• 10 Francs 1930, KM# 99, Belgium, Albert I, 100th Anniversary of Belgian Independence
  • 10 Francs 1930, KM# 99, Belgium, Albert I, 100th Anniversary of Belgian Independence

The Belgian Revolution was the conflict which led to the secession of the southern provinces (mainly the former Southern Netherlands) from the United Kingdom of the Netherlands and the establishment of an independent Kingdom of Belgium.

The people of the south were mainly Flemings (speakers of low Franconian dialects) and Walloons (speakers of langue d'oil dialects). Both peoples were traditionally Roman Catholic as contrasted with the largely Protestant (Dutch Reformed) people of the north. Many outspoken liberals regarded King William I's rule as despotic. There were high levels of unemployment and industrial unrest among the working classes.

On 25 August 1830, riots erupted in Brussels and shops were looted. Theatregoers who had just watched the nationalistic opera La muette de Portici joined the mob. Uprisings followed elsewhere in the country. Factories were occupied and machinery destroyed. Order was restored briefly after William committed troops to the Southern Provinces but rioting continued and leadership was taken up by radicals, who started talking of secession.

Dutch units saw the mass desertion of recruits from the southern provinces and pulled out. The States-General in Brussels voted in favour of secession and declared independence. In the aftermath, a National Congress was assembled. King William refrained from future military action and appealed to the Great Powers. The resulting 1830 London Conference of major European powers recognized Belgian independence. Following the installation of Leopold I as "King of the Belgians" in 1831, King William made a belated attempt to reconquer Belgium and restore his position through a military campaign. This "Ten Days' Campaign" failed because of French military intervention. The Dutch only accepted the decision of the London conference and Belgian independence in 1839 by signing the Treaty of London.


Depicts the portraits in the left profile of the three first Kings of Belgium, engraver's initials below, surrounded by their names and dates.

Leopold I (1790–1865) was a German prince who became the first King of the Belgians following Belgian independence in 1830. He reigned between July 1831 and December 1865.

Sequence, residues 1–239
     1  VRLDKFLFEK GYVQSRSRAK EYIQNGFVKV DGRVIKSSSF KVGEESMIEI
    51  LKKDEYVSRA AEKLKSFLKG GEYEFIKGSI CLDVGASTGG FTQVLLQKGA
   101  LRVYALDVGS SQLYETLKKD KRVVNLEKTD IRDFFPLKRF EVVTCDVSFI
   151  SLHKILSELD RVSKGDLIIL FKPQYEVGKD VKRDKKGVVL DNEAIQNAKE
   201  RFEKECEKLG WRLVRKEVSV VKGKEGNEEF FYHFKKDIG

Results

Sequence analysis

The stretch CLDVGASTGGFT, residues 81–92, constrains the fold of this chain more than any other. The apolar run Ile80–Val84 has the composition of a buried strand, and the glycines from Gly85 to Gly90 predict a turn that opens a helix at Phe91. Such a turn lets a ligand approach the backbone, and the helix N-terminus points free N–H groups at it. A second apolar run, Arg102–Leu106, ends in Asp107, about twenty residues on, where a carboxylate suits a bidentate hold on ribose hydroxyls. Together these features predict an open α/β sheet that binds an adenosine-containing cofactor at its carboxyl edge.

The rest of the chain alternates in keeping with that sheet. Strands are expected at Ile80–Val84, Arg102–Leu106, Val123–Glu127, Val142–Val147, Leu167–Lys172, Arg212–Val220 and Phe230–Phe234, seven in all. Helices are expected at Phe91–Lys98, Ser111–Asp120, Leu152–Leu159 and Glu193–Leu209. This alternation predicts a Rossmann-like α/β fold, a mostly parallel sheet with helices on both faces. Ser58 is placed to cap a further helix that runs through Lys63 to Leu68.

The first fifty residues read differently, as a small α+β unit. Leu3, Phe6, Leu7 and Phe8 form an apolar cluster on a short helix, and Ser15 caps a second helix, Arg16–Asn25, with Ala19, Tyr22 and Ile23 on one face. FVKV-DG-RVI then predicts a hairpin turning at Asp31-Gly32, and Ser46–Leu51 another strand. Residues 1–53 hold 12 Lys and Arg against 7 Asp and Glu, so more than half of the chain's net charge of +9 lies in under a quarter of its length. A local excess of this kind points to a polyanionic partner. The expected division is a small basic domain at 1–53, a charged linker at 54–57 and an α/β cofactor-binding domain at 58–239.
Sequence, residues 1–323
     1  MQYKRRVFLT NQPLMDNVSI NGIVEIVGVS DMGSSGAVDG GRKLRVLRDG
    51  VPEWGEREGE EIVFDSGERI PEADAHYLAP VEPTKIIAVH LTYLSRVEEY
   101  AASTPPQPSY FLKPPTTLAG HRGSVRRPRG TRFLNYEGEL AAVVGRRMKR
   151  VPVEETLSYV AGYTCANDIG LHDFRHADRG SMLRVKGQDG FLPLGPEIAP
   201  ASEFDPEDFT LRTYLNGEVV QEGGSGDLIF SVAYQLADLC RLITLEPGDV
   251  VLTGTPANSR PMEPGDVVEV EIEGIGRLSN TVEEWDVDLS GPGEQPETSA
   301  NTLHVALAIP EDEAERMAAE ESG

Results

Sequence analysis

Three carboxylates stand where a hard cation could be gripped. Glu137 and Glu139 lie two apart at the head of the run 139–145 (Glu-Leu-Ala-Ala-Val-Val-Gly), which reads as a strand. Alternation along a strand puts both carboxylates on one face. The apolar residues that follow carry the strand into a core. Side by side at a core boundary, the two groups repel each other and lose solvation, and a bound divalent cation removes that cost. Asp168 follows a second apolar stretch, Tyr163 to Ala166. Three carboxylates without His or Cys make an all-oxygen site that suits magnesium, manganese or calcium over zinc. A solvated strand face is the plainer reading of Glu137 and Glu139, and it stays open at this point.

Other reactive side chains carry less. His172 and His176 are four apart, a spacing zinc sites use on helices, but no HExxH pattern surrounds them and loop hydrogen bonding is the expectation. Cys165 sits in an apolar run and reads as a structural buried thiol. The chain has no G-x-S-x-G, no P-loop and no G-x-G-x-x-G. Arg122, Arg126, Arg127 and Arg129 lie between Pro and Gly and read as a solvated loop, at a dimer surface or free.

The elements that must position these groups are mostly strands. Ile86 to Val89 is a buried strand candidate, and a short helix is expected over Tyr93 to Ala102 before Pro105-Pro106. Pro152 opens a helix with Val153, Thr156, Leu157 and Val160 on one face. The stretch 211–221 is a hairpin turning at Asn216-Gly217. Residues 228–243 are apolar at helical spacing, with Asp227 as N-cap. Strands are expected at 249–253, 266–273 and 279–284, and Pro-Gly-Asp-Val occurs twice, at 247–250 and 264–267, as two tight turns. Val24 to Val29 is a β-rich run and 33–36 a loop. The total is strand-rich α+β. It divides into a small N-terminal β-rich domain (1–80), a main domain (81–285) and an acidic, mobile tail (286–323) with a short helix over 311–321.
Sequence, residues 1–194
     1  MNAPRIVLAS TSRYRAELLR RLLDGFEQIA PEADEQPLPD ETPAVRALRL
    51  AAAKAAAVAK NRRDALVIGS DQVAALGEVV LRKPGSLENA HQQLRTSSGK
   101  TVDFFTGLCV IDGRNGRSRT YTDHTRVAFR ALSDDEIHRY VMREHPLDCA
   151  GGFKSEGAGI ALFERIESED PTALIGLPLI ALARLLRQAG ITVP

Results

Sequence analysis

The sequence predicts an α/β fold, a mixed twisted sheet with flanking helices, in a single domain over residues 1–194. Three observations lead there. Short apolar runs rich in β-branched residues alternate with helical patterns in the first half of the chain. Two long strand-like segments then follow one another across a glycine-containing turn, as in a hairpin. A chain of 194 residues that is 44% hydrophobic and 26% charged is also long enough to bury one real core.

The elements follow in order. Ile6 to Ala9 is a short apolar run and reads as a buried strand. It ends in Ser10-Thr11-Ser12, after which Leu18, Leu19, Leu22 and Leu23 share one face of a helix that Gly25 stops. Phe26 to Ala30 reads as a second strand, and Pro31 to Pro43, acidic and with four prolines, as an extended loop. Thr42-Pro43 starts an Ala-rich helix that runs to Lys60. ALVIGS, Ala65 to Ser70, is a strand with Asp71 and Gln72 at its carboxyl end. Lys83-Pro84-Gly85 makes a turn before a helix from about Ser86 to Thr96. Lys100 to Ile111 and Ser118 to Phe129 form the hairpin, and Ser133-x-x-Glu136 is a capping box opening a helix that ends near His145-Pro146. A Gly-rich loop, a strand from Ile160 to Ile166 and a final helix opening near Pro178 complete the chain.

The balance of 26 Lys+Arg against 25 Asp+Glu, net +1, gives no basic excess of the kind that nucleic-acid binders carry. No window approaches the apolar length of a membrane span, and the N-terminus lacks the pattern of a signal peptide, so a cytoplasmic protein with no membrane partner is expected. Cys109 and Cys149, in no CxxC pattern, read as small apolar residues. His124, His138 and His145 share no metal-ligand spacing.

Born into the ruling family of the small German duchy of Saxe-Coburg-Saalfeld, Leopold took a commission in the Imperial Russian Army and fought against Napoleon after French troops overran Saxe-Coburg during the Napoleonic Wars. After Napoleon's defeat, Leopold moved to the United Kingdom where he married Princess Charlotte of Wales, the only child of the Prince Regent (the future King George IV).

After the Greek War of Independence (1821–32), Leopold was offered the position of King of Greece but turned it down, believing it to be too precarious. Instead, Leopold accepted the kingship of the newly established Kingdom of Belgium in 1831. His reign was marked by attempts by the Dutch to recapture Belgium. Leopold was considered liberal and encouraged economic modernisation, playing an important role in encouraging the creation of Belgium's first railway in 1835 and subsequent industrialisation.

Leopold II (1835–1909) reigned as the second King of the Belgians from 1865 to 1909 (the longest reign of any Belgian monarch) and became known for the founding and exploitation of the Congo Free State as a private venture. He was responsible for the death of 15 million African people.

Albert I (1875–1934) reigned as the King of the Belgians from 1909 to 1934. This was an eventful period in the history of Belgium, which included the period of World War I (1914–1918), when 90 percent of Belgium was overrun, occupied, and ruled by the German Empire. Other crucial issues included the adoption of the Treaty of Versailles, the ruling of the Belgian Congo as an overseas possession of the Kingdom of Belgium along with the League of Nations mandate of Ruanda-Urundi, the reconstruction of Belgium following the war, and the first five years of the Great Depression (1929–1934). King Albert died in a mountaineering accident in eastern Belgium in 1934, at the age of 58, and he was succeeded by his son Leopold III (r. 1934–1951).

Engraver: Armand Bonnetain

• 1830-1930 •


Value (in Francs and Belgas) in the centre flanked by two stalks of laurel. Legend in French (Kingdom of Belgium) above, engraver's name below.

Engraver: Armand Bonnetain



Position A (readable from the obverse) or Position B (readable from the reverse)


Type Commemorative Issue (Circulating)
Material Nickel
Weight 17.5 g
Diameter 34 mm
Thickness 2.65 mm
Shape round
Alignment Coin
Royal Belgian Mint

Related coins

Dutch Text

100th Anniversary of Belgian Independence

Nickel, 17.5 g, ⌀ 34 mm